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Sunday, February 19, 2006


"A man never stands so tall as when he leans over to help
a child."
Abraham Lincoln

There are few things in life that can make a person feel better than passing on skills and knowledge to a child. As the father of three sons, I'm quite proud to know that at least two of them are as thrilled with the game of chess as their Dad. The third is beginning to show some interest.

Sadly, there is a tremendous shortage of chess clubs in the local schools where children can learn and develop their chess skills. So, three years ago I approached the principal at the elementary school where our sons attend school and asked for permission to start a chess club. She was absolutely thrilled to offer us the opportunity to start a club.

I did not have the slightest idea how to go about starting a club -- but simply having the opportunity was enough to get me started. I expected to have maybe a dozen kids sign up for the chess club. Imagine my surprise when more than 40 kids signed up -- most of whom had no idea how to play the game. Now, three years later, many of those kids are tremendous chess players and many of them have taken home trophies from local tournaments. They are the bright future of the game of chess.

Perhaps you are in a similar situation. Your children love chess and you can play a semi-decent or better game. Let me encourage you to start a chess club in your area. All you really need is the desire to get started. The rest will almost take care of itself. Below are some ideas on starting a local chess club for younger children.

    1. First you need a place to meet. Check with the principal at your local elementary or middle schools. You may find that they are more than happy to provide you with space and time to hold chess club meetings. That failing, check with your local parks and recreation center or even a local church. In our area there are several churches which sponsor annual tournaments and provide the space for chess clubs. Most need more parents who will get involved in sponsoring the club. Having secured a site, the next need is seed money to get started.

    2. When we started our club in the elementary school where my children attend, we were met with an instant challenge. The principal was glad to provide space and time, but didn't have one dime of money to put toward the club. State budgets simply did not provide for extra-curricular clubs or activities. Nor was the principal willing to let us charge a participation fee for club membership. So, I approached the PTA. One of the moms/teachers/mother of a chess player got behind us and helped us secure $100 for our club. It wasn't much, but it was enough to get us going. That first year we began with some worn-out cardboard chess boards and ultra-light chess pieces -- the kind you find in a $1 store. Those were provided by our Gifted and Talented teacher, who also agreed to be a staff sponsor of the club (another vital necessity for clubs meeting in elementary schools).

    3. Next we needed to purchase some equipment. There we were greatly aided by the Internet and wholesale chess stores. By surfing the Internet we were able to find quality vinyl club boards and heavy plastic pieces for a small amount of money. With our initial outlay and a little out of pocket we were able to purchase 20 chess sets and a single digital chess clock. It was a roaring start!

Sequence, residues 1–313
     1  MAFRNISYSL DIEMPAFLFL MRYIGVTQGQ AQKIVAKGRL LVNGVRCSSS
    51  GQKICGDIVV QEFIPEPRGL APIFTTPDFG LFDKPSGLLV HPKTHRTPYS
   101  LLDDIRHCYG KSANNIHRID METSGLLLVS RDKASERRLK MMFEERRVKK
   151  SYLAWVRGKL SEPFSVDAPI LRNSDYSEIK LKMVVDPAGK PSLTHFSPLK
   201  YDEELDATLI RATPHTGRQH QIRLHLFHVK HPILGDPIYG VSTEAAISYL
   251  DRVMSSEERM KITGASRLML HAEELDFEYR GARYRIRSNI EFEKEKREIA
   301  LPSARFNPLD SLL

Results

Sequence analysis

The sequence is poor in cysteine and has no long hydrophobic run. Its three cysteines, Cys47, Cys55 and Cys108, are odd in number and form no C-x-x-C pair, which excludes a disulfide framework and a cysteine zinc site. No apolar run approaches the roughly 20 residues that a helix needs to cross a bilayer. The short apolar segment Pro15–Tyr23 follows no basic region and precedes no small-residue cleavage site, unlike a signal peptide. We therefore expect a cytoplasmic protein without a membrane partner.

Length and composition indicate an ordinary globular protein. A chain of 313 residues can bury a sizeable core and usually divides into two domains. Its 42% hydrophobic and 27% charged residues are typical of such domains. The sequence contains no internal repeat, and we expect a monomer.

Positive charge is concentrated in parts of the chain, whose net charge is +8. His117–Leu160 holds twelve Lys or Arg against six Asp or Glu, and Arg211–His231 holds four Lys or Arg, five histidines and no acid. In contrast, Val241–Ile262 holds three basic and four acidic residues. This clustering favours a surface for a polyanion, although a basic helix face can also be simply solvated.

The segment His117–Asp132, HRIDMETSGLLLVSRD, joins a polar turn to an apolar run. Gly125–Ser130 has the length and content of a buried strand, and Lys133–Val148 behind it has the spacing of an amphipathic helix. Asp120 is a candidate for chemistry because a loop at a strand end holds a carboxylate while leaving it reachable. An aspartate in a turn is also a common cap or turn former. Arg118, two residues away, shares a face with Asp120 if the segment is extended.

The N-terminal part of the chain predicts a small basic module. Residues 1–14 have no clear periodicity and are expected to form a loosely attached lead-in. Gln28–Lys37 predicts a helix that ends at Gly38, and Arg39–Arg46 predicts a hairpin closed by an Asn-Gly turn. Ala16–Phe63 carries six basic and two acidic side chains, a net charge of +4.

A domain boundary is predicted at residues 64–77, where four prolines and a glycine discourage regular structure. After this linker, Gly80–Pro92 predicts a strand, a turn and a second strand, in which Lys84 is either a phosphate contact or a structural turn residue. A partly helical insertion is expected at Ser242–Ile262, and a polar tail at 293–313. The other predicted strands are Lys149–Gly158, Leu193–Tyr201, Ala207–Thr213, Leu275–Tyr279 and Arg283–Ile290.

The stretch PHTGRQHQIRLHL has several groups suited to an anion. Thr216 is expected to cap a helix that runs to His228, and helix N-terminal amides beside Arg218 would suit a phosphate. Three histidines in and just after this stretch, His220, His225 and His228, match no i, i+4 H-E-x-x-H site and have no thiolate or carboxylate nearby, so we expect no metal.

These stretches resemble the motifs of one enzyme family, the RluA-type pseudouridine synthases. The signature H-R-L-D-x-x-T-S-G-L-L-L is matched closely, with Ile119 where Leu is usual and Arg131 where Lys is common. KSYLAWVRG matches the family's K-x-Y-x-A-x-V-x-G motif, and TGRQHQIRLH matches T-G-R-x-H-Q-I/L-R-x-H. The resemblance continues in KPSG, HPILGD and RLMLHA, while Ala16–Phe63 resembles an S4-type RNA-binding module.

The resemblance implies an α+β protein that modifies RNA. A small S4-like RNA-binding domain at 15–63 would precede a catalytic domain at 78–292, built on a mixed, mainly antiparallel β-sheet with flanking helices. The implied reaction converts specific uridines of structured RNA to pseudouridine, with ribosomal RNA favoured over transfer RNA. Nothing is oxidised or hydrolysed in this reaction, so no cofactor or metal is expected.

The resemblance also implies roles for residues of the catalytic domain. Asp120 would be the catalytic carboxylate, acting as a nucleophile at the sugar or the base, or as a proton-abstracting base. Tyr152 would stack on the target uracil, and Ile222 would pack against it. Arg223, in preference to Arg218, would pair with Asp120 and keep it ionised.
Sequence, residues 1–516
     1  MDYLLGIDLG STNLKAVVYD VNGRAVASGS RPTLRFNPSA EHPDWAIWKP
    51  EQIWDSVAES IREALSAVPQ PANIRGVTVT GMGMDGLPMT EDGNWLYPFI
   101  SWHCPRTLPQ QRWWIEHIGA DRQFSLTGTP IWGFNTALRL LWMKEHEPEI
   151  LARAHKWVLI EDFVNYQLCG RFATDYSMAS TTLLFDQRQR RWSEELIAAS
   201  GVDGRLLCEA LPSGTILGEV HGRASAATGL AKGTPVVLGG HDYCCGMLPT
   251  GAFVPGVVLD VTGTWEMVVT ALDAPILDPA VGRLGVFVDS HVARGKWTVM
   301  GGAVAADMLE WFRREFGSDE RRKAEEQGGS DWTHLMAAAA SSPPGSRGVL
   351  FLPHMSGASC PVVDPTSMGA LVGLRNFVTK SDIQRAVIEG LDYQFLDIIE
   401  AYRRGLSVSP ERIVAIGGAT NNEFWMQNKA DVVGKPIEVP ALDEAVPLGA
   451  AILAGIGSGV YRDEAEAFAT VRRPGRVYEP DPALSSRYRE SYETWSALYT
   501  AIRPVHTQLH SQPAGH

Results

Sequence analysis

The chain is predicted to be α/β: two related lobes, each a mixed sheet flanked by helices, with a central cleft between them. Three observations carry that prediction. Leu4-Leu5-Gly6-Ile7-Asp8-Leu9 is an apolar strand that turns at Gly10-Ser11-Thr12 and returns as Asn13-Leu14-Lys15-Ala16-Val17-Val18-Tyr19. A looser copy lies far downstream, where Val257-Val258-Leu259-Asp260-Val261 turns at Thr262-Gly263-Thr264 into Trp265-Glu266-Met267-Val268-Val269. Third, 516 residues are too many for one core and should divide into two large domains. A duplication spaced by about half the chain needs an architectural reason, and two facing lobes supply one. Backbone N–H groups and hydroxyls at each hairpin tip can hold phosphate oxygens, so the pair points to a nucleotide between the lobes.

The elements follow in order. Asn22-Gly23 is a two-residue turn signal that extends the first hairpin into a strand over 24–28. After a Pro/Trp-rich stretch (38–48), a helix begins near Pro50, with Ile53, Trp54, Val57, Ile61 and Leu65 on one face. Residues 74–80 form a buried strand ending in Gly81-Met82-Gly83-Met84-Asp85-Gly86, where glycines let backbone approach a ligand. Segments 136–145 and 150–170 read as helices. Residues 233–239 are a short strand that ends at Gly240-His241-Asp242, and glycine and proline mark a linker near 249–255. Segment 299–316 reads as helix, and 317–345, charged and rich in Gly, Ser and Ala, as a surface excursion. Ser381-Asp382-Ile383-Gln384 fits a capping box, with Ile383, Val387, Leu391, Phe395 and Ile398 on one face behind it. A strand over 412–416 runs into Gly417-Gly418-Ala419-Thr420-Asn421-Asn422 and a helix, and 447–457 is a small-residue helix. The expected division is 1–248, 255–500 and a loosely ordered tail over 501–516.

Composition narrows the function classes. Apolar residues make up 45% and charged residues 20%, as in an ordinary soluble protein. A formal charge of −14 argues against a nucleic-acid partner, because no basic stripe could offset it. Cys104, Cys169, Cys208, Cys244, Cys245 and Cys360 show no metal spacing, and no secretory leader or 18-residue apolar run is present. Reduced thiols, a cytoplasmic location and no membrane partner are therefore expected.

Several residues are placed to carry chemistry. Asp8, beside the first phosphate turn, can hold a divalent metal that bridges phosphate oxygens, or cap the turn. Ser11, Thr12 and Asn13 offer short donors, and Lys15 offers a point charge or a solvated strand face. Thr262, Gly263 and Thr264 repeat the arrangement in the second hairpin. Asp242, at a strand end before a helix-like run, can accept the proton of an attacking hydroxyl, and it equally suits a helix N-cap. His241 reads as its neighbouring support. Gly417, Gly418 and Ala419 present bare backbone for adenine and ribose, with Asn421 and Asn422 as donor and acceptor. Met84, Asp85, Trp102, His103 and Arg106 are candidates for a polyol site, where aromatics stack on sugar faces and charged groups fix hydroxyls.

4. Next we sent invitations home with all the students. We limited participation to third grade and up, with a few exceptions for kids who were already accomplished players. In fact, this year one of our most accomplished beginners is only in the first grade. He recently took first place in the beginners division of a local tournament, beating beginners from both middle schools and high schools. For our first meeting a week later, we had more that 40 students signed up. Most of those students stayed in the chess club for the entire year. Most have returned both the second and now the third year of our club.

    5. Next we let it be known that all we needed to continue to grow was money. Without actually soliciting funds (which was against school rules) we received ample donations from thrilled parents to add to our chess sets and other equipment. Today, we have a well-established chess club and have added several first-place club trophies to the school walls in return for their support and help. We have a wonderful relationship with the school staff and leadership.

I am already looking forward now to next year, when my twins will go to middle school. You guessed it -- there is no chess club in their middle school. So, sometime this summer I will approach the principal there. With any luck, soon we will be able to start another chess club and even more children will learn the timeless game of chess. Yes, it takes time, money and effort. But there are few things in the world that can beat the love and appreciation shown by the kids who have a once-in-a-lifetime opportunity to play chess with their friends.



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